The Greater Los Angeles World Trade Center in Long Beach, with its first phase topped out and construction proceeding, is ready to begin the second phase in August.
Phase 2 will consist of a 16-story, 400-room international business hotel with a gross square footage of 300,000. It will be managed by Hilton Hotels Corp. Its development cost is given as $50 million in 1986 dollars (not including the land) and it is scheduled to open in February, 1990, raising Long Beach's stock of Class A hotel rooms to about 2,600. The first phase is a 27-story tower that will offer 428,000 square feet of office space, 117,000 square feet of low-rise retail space, 1,400 underground parking spaces and a helicopter pad. Completion is expected next fall.
The entire World Trade Center, projected as a $550-million development (in 1986 dollars), is rising on a 12.7-acre site owned by the Port of Long Beach, which is also the sponsor.
The site is bounded by Ocean Boulevard on the south, Broadway on the north, Magnolia Avenue on the east and the Long Beach Freeway on the west, where it is buffered by a small park. The location is adjacent to the Long Beach/Los Angeles port complex.
Both Phases 1 and 2 will be on the Ocean Boulevard side; the office tower at the east or Magnolia Street corner, and the hotel on the west. Phase 3 will be a 36-story office tower in the center, and the final phases will be two more office towers, probably similar to the first, on the two Broadway corners. All phases after the hotel project are in planning stages and no timetable has been announced.
Developer of the center is World Trade Center Associates, a joint venture of Long Beach-based IDM Corp. and Kajima International Inc., a U. S. subsidiary of Kajima Corp., one of Japan's largest construction firms.
The architect and planner of the center and of Phase 1 is a joint venture of Ross Wou and Daniel, Mann, Johnson & Mendenhall of Los Angeles. The hotel's architect is a joint venture of Welton Becket Associates and Kajima Associates.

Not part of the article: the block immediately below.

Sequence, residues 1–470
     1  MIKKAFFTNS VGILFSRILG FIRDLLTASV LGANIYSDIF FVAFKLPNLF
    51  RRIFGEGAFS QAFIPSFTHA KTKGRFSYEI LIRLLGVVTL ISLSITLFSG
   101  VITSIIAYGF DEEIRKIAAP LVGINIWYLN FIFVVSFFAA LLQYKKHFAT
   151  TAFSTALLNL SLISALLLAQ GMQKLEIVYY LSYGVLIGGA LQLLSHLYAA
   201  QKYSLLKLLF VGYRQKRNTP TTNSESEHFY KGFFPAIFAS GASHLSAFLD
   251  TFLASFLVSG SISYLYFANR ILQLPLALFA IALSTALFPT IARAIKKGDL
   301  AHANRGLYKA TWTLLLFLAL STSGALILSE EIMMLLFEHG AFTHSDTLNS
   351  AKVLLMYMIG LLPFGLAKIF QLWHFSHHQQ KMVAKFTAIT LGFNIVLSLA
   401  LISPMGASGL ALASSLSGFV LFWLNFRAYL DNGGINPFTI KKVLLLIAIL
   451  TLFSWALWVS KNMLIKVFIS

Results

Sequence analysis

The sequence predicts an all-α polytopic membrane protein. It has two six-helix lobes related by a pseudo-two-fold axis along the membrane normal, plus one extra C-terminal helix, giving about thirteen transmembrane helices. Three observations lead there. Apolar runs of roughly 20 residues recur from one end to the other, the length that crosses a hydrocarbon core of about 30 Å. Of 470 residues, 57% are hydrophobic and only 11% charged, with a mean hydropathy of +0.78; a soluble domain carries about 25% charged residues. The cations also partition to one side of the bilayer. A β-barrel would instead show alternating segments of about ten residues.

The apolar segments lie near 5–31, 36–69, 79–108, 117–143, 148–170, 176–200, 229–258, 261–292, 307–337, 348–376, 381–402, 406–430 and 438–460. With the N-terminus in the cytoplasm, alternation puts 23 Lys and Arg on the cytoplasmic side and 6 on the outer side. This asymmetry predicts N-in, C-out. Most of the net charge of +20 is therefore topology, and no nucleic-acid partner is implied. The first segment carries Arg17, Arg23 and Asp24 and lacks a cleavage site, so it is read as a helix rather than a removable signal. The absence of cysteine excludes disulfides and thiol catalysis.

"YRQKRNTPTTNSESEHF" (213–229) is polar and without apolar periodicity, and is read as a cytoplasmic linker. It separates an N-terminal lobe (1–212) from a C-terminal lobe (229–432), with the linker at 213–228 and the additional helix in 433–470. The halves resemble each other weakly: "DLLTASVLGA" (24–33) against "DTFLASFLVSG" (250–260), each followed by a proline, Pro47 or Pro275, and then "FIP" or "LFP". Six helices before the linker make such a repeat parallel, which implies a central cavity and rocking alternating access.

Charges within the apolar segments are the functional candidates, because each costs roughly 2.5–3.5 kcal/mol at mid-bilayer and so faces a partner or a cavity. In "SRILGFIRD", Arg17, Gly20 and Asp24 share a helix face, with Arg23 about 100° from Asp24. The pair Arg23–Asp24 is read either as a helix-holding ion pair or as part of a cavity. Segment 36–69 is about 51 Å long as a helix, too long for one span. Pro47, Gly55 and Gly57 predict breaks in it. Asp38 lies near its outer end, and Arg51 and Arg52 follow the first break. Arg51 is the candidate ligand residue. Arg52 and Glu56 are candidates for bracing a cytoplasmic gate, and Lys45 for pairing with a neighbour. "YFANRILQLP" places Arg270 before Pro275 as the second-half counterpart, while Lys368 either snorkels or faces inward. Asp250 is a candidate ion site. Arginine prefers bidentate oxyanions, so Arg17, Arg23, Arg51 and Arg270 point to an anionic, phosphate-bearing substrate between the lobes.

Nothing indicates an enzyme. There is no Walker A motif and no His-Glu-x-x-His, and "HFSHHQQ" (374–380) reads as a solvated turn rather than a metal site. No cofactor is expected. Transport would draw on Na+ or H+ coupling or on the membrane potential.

The hotel's accommodations will range from luxury suites to what Hilton describes as "efficient" rooms for overnight stays. There will be a 12,000-square-foot ballroom divisible into five smaller rooms and additional banquet and meeting facilities for a total of 21,000 square feet as well as a gourmet restaurant, a 24-hour cafe and a cocktail longe with entertainment in the evenings.
Retail Shops in Mall
The trade center mall will offer a variety of retail shops.
There will be a swimming pool with sun deck, fitness center with sauna and a business center to offer telex, facsimile transfer, photocopying, computer and clerical services to hotel guests. Each guest room will contain built-in telecommunications links connecting to electronic facilities worldwide.
The most modern telecommunications, security and energy technology will be a feature of the whole trade center complex. Office spaces will range from 650 square feet to multi-floor corporate suites, and rents are projected at $2.30 to $2.90 a square foot per month, including parking.
According to IDM, managing partner of the development entity, 70% of the space in the first tower has been leased and committed, with office space still available but a waiting list for retail locations.
Among early major tenants are R. L. McKnight Corp., operator of executive suites, two full floors for a total of 32,870 square feet; Ernst & Whinney, accounting, a full floor of 17,655 square feet; International City Bank, 7,500 square feet on the ground floor, and the Greater Long Beach Area Chamber of Commerce, about 10,000 square feet adjacent to the exhibition area and the trade center association offices.
The center is a member of the World Trade Center Assn., which is based in New York City and has more than 100 members worldwide.